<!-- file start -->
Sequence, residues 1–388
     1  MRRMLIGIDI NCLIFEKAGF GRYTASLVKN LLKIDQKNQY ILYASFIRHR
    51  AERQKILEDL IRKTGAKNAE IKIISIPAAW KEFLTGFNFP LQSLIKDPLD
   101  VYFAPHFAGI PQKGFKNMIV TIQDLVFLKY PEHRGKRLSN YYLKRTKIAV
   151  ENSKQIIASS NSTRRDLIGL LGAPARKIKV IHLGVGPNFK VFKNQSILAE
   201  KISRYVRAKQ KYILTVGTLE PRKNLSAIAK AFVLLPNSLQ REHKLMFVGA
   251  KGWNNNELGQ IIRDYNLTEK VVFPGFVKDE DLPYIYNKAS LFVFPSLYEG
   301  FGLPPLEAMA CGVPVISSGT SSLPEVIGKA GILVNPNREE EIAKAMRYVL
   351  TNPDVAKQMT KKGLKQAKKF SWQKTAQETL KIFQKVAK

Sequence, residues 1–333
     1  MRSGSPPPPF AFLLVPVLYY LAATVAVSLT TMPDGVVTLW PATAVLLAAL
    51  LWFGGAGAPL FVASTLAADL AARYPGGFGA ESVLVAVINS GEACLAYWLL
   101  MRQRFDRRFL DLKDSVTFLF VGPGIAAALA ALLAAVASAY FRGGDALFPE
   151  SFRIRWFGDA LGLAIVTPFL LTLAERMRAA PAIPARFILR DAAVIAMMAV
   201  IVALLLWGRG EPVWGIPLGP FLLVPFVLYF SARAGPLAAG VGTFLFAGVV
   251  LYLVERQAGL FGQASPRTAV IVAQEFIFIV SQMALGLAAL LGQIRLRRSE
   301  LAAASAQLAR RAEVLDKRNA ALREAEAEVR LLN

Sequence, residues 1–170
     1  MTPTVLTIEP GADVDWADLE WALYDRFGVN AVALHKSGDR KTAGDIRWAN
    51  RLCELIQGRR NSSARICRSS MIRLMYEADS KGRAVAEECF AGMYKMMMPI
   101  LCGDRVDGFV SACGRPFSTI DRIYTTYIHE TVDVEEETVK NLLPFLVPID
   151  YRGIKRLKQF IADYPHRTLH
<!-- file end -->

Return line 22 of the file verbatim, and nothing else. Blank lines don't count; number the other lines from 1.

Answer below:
   151  YRGIKRLKQF IADYPHRTLH